She - A Sexual Assault Story
by mother/babyRN | 22,790 Views | 47 Comments
- 154 Published Feb 26, '08Sexual assault is never prejudiced. Sexual assault can happen to anyone regardless of color or creed. Sexual assault can even happen to nurses even though we think we are immune. I have had the extreme honor of sharing this piece with several SANE nurses and participants and it is my hope someone here can benefit from these words.
She used to recount the episode by zealously insisting that she was nearly overtaken in his car following a failed first date.
She used to say that if the subject came up.
She had no real reason to volunteer the info.
Back then she was young and beautiful with the crisp freshness of naiveté.
She actually believed he was interested in seeing her for her substance;
He was not.
They met in a dive bar across the street from her fifth floor walkup in the city amidst college boys and vastly diverse assortments of people ranging from the local biker crowd to white collared crews out for a good time.
Her room mate convinced her to try something new. He even dared her.
She was a little timid but elected to go along.
After all, what could happen? The place was directly across the street.
Famous last words as they say.
She wasn’t surprised when he immediately approached her since she noticed his eyes followed her figure from the moment she entered the place.
She didn’t like it there. It was too dark and dingy, but then, it was a dive.
He was a bear of a person with thick curly hair and wild eyes. Black orbs of darkness traced her every movement.
She didn’t feel comfortable but dismissed the feeling though it gnawed at her from time to time throughout the evening.
Her room mate had counseled her to relax so she ordered a Tom Collins.
The bartender laughed because “everyone here drinks beer.”
She smiled and replied that she hated beer.
She could usually charm just about anyone. The bartender was no exception and mixed her drink.
The stranger’s eyes measured every inch of her.
She sensed it would be only a matter of time before he approached.
Courage fueled by Tom Collins gave him the advantage and he walked over to her table without waiting for an invitation. A part of her was impressed by his forwardness but silently willed her room mate to return.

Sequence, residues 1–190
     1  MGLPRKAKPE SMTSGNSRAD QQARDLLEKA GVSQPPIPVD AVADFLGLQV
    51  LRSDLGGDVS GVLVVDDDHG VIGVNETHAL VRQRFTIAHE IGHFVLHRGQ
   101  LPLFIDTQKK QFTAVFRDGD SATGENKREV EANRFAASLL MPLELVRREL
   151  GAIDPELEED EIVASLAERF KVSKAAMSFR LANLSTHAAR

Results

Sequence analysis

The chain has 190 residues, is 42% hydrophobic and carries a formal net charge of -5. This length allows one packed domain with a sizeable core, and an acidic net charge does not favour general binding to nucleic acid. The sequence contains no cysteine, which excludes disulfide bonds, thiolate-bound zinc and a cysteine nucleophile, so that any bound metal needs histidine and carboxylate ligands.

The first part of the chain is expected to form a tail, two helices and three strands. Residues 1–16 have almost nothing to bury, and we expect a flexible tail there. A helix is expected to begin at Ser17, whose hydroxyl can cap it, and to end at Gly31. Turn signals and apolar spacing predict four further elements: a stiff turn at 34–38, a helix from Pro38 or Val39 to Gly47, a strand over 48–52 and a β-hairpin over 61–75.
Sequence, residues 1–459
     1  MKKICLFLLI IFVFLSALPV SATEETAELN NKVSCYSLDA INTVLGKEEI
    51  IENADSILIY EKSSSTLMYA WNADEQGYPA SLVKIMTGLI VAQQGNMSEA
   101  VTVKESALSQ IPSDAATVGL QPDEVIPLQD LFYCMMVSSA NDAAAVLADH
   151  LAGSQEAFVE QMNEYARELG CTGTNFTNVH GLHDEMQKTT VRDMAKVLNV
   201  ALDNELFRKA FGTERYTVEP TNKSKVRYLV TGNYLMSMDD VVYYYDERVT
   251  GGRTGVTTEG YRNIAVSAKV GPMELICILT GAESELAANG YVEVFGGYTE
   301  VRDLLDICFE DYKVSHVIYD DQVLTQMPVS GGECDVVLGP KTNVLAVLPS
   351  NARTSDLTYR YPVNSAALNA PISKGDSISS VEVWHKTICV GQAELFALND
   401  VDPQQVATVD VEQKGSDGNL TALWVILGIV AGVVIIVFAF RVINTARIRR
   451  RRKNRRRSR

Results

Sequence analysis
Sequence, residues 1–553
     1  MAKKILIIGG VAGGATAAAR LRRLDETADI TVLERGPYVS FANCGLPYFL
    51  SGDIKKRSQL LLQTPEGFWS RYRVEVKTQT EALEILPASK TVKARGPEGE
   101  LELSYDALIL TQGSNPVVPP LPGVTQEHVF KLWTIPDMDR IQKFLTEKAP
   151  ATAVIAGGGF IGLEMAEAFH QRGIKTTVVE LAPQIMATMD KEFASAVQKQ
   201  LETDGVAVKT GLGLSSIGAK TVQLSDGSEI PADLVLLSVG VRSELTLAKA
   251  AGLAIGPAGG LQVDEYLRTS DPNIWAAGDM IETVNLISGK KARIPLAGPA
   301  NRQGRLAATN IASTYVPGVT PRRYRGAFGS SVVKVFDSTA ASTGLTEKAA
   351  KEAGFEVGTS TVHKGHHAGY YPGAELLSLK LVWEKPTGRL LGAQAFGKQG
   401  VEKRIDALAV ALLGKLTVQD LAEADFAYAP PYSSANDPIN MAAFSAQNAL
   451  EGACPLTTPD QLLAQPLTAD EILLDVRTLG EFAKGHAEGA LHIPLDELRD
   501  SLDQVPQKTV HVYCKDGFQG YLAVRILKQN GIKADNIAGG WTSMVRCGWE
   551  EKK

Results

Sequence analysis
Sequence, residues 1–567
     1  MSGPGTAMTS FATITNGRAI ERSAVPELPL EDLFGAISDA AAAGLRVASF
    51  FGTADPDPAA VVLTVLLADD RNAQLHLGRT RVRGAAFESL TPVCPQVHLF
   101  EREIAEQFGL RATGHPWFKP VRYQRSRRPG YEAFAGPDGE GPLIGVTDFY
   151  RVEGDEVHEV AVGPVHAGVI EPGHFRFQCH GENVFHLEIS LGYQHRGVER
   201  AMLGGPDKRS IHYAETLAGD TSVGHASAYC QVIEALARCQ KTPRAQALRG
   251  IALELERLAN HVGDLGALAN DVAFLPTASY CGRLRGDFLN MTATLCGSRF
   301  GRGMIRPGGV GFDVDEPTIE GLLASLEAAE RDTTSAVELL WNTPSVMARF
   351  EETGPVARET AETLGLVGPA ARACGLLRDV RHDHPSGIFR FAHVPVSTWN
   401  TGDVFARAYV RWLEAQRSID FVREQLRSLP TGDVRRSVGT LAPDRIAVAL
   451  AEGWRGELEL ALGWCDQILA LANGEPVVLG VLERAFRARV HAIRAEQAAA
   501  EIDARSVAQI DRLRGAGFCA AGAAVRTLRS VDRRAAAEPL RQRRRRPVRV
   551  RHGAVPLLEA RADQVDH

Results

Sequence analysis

Her pulse fluttered as he sat down and she ignored the unshakeable discomfort she felt. She noticed he waited until her room mate joined his friends at the bar before sauntering over and decided not to surrender to his brazen stare. She wasn’t certain if she should be flattered or offended.
He asked if he might buy her a drink. She declined. She was an independent woman, new to nursing, novice to grown up living.
The night passed swiftly and she was walked home by her room mate and the man at the bar. After two Tom Collin’s and some lengthy conversation, he didn’t seem so disconcerting. Still, she was glad her room mate had tagged along. She briefly wondered what her mother might think of her plans for the evening. She shuddered at the thought. Her father would definitely not approve. The thought made her alternately smile and shudder. Just as quickly, the thought was gone.
He asked her to dinner the following night in Harvard Square.
He asked her in front of her room mate and even named a restaurant he frequented.
She accepted and was actually excited at the prospect.
A date is a date after all.
He picked her up promptly in his own car. Two points for not expecting her to use the subway. Not that she minded, but it could be scary at night.
The restaurant was nice, but the conversation quickly floundered. At some point in the night she just wanted it to be over so he could drop her off at home. She discovered early on that he was wasn’t interested or interesting.
His eyes were listless, devoid of depth. He talked mostly about himself in a way that amused her. Would men EVER learn, she wondered while politely pretending to listen astutely. He was a law student with dreams of grandeur. She planned the following day in her mind while hoping he didn’t notice her distraction.
He didn’t seem focused on her conversation though she noticed he did seem quite attentive to her attire. Or, was it her person? Something not exactly wrong yet not exactly right…Something.
She made an excuse that she had to get home as she was scheduled to work the day shift. Not exactly a fib because she did work the day shift. She just wasn’t scheduled for the morning. Just a little white lie for a good Catholic girl. Is there such a thing? No matter. The deed was done.
She just wanted to leave.
He was surly but agreed to bring her home. He had wanted to go to a club.
She was adamant. He relented. They left the restaurant. She noticed he barely spoke to her after that, and disengaged eye contact.
In the story she related for years, he drove her past her apartment and kept going to a wooded area in a dark spot near some pond. She correctly conveyed the sense of fear which assaulted her the second he chose not to drop her off, but keep driving. It seized her like a fierce angry wind. Briefly she imagined he hadn’t heard her, or simply misunderstood. Momentarily, reality struck, as the ancient windows of her drab building flew past.
Her heart began to race as her sense of danger heightened. She searched her brain for some instruction or explanation, catapulting then, into survival mode. She had never felt so dizzyingly afraid.
She couldn’t breathe.
She told people how he locked the doors and attempted to kiss her, slobbering and pawing like a lion batting its' prey into submission. He toyed with her, which heightened her fear to a level she hadn’t previously believed was possible.